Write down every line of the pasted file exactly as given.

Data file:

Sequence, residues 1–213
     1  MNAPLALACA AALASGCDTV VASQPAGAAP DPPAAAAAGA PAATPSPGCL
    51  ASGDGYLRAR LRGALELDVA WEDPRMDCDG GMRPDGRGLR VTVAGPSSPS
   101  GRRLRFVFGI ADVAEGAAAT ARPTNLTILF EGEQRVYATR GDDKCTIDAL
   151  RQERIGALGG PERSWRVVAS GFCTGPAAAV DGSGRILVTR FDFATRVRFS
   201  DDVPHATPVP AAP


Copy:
Sequence, residues 1–213
     1  MNAPLALACA AALASGCDTV VASQPAGAAP DPPAAAAAGA PAATPSPGCL
    51  ASGDGYLRAR LRGALELDVA WEDPRMDCDG GMRPDGRGLR VTVAGPSSPS
   101  GRRLRFVFGI ADVAEGAAAT ARPTNLTILF EGEQRVYATR GDDKCTIDAL
   151  RQERIGALGG PERSWRVVAS GFCTGPAAAV DGSGRILVTR FDFATRVRFS
   201  DDVPHATPVP AAP